Entertainment Intel Arc A770 price is a smart move to ensure the GPU isn’t dead on arrival
Intel Arc A770 price is a smart move to ensure the GPU isn’t dead on arrival
Despite literal years of delays, unclear messaging, and analysts advising Intel to ditch the whole affair, CEO Pat Gelsinger stood up in front of the assembled masses at the latest Intel Innovation event and stated with something approaching joy that the discrete Arc cards are finally ready for a proper global launch, with the A770 card releasing on October 12. And in an even more shocking turn of events, it actually looks… good?
Perhaps I shouldn’t be all that surprised. Intel has, despite numerous setbacks, stuck to the message that it won’t be abandoning Arc and has big plans to forge ahead in the GPU market, going toe to toe with big dog Nvidia and its competitor in the CPU space, AMD. I’ve been critical of Intel’s faltering GPU efforts in the past, but only because it made me feel like a disappointed parent; I desperately wanted Arc to be good.
The Intel Arc A770 will be the most powerful card in the initial wave of Arc GPUs, some of which have already been sighted in laptops in Asia. We’ll also be getting a new Intel NUC PC equipped with the A770M mobile GPU. There’s no news yet on the lower-spec A750 or any of the even cheap A300 or A500 cards, but we do have a very sensible price tag for the Arc A770: just $329.
Considering that the A770 is expected to (just about) outperform Nvidia’s $399 RTX 3060 Ti, it’s a seriously good price point that will no doubt appeal to gamers on a budget. It also has double the VRAM of that card, with 16GB of GDDR6. Intel has tempered expectations by saying that performance is only for DirectX 12 games, and older titles might struggle a bit initially while Intel gets its Arc driver optimization in gear.
Moore’s Law: dead or alive?
It seems Gelsinger couldn’t resist a little dig at Nvidia during his keynote presentation. When Nvidia CEO Jensen Huang recently declared that ‘Moore’s Law is dead’ (no, not the YouTube channel), he effectively stated that GPU advancement is approaching a point of stagnation and that we can expect GPU prices to remain high for the foreseeable future.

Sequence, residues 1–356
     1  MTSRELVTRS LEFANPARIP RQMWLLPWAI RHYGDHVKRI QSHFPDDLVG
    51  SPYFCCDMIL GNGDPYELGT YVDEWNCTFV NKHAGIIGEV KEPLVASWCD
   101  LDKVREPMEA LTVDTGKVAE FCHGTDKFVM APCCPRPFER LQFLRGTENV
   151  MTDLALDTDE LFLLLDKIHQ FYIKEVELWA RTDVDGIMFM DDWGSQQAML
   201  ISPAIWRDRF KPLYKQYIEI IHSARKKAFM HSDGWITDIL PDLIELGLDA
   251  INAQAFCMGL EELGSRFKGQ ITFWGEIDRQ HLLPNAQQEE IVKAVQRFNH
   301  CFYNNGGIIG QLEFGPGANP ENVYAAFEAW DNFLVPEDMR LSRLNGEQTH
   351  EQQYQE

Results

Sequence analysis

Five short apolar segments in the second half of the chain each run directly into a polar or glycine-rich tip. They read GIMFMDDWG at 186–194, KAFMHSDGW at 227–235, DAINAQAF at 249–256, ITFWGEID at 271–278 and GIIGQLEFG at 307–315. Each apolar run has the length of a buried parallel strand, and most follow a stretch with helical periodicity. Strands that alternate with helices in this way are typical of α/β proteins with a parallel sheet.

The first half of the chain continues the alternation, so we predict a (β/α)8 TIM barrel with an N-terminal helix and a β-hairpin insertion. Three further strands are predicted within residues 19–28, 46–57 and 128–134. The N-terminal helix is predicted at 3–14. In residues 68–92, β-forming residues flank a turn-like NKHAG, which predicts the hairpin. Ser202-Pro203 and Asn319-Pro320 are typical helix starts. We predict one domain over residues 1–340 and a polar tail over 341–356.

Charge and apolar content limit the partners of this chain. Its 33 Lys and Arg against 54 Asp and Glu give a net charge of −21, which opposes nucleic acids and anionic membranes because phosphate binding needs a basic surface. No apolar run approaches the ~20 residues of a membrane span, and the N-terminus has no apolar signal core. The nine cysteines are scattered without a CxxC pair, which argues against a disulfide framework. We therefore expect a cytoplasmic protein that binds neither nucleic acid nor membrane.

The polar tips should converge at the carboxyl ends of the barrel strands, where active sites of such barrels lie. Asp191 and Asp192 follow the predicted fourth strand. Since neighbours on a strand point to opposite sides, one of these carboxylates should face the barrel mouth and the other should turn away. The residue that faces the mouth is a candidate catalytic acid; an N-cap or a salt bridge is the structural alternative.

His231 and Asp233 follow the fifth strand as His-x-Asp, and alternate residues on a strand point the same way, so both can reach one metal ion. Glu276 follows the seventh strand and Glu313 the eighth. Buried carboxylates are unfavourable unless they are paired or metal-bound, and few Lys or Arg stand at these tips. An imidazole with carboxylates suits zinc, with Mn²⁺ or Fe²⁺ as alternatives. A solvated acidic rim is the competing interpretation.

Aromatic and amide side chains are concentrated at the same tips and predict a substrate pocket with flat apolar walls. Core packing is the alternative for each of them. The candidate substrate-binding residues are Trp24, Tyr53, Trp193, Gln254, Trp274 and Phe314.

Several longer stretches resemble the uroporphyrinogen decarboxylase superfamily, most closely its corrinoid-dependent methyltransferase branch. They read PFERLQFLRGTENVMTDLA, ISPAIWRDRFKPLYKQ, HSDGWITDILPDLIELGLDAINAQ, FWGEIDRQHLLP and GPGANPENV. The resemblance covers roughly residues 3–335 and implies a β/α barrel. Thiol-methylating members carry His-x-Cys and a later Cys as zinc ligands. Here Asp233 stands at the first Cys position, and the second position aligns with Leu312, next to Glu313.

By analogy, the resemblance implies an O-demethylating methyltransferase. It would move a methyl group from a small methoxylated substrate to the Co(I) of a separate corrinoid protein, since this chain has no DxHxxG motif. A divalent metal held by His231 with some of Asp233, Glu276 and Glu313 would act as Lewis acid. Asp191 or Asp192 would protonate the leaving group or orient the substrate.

Pat doesn’t agree. ‘We will continue to be the stewards of Moore’s Law’, he claimed, doubling down by saying that gamers ‘should be frustrated’ with ‘complaints of high prices’. It was an obvious reference to Nvidia, whose new uber-powerful RTX 4090 is going to have a fairly ridiculous price tag.
Since the Arc cards will ship with ray-tracing capabilities, AV1 encode, and Intel’s own counter to Nvidia’s DLSS upscaling tech (called XeSS), the $329 MSRP looks set to make the A770 the de facto superior option when compared to the RTX 3060 Ti – assuming that Intel can deliver on its current promises.
It’s still not easy to find an RTX 3060 Ti at MSRP, too, with many models currently selling for above $449 even as prices continue to fall. AMD doesn’t currently have a viable counter to Intel’s new wallet-friendly GPU either, with the $379 Radeon RX 6600 XT just not measuring up in direct comparisons. Intel has a serious chance here to slide into the budget gaming space and secure a corner of the discrete GPU market.
Of course, this is a first-generation release for Intel; we already know that both Nvidia and AMD are gearing up to release their next generations of GPUs, with Intel cheekily setting the A770’s release date to match the RTX 4090. If we see an affordable RTX 4060 in the near future, Intel may not get to enjoy its budget dominance for long. Still, it’s fantastic to see Arc finally reach its release, and I’m hopeful that the A770 will impress when we get our hands on one.